University of Central Oklahoma
SPA Lab 1: Weber’s Law of Just-Noticeable Differences
Students react to a stimulus very differently based on one’s background and experience. These factors can affect how a person perceives things, especially when someone’s senses are being tested. Weber’s Law defines the correlation between concrete and alleged differences in stimulus strength (Coren, Ward, & Enns, 2004). The absolute threshold is the smallest amount of a stimulus that can be detected by the subject. Difference thresholds (just noticeable difference) are how much change there must be in the stimulus for a subject to detect the change. In this study, we allowed the participants to measure their just noticeable difference thresholds for the discrimination of line length using a psychophysical procedure known as the Method of Constant Stimuli (Coren, Ward, & Enns, 2004). Weber’s Law shows the relation between the size of the difference threshold and the magnitude of the standard. Ernst Heinrich Weber was one of the first people to approach the study of the human response to a physical stimulus in a quantitative fashion (Coren, Ward, & Enns, 2004). The method of limits offers the most direct connection with the idea of seeking a threshold. Method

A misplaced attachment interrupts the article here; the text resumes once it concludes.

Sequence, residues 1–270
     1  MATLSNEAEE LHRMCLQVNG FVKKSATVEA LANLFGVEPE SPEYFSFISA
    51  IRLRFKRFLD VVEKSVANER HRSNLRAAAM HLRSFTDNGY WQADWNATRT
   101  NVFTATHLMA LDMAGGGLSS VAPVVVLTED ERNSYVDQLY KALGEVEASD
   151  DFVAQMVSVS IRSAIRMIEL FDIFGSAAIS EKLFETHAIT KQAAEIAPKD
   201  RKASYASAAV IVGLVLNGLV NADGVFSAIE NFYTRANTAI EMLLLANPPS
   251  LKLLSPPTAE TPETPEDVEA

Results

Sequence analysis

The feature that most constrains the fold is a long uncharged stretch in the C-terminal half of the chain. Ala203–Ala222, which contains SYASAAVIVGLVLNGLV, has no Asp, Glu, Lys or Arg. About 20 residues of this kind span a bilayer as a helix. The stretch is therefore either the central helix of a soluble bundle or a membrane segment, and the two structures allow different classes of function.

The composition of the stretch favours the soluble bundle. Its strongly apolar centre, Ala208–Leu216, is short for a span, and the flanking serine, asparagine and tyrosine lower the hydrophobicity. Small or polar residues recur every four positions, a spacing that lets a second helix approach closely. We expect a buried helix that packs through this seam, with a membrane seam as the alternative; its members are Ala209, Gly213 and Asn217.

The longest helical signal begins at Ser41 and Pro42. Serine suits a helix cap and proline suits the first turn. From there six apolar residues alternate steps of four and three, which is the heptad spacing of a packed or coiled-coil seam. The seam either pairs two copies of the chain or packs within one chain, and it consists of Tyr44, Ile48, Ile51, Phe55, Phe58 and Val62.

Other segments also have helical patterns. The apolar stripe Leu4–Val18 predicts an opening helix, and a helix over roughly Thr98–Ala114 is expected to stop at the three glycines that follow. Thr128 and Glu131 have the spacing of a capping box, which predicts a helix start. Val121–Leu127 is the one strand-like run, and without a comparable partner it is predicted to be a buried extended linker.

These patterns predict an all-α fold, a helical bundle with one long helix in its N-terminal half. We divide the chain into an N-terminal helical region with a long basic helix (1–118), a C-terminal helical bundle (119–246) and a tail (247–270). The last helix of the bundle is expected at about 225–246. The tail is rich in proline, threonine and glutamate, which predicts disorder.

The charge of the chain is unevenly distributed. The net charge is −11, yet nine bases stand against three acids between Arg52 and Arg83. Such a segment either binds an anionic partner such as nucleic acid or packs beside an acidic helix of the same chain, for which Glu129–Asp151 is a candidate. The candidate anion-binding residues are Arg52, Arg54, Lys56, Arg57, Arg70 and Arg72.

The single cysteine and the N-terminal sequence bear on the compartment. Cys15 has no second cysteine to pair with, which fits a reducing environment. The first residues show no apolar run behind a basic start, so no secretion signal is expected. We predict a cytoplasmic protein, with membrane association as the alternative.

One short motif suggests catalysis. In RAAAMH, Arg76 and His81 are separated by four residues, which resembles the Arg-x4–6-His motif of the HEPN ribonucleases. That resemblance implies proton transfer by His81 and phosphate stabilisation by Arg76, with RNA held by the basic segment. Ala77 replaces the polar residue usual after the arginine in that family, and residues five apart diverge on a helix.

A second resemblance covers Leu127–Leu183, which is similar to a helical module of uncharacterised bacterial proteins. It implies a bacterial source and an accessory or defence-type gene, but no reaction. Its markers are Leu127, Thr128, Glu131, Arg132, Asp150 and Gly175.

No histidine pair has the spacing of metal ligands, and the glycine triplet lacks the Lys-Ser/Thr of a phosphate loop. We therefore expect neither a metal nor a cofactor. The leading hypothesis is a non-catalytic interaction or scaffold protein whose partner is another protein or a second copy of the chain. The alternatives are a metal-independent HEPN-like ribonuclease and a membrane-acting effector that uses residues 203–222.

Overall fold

Participants in this experiment included 28 students from the Sensation, Perception, and Action class at University of Central Oklahoma. Materials
Materials used in this experiment included: instructions, computer, paper, pen, and lab notebook. Design
As a class, we compared if Weber’s constant was within parameter. The independent variable was the group membership, whereas the dependent variable was the line size in pixels. We found the difference threshold for each ranges of the line length by obtaining the psychometric function. Procedure
During the experiment, the instructions directed each partaker to choose the...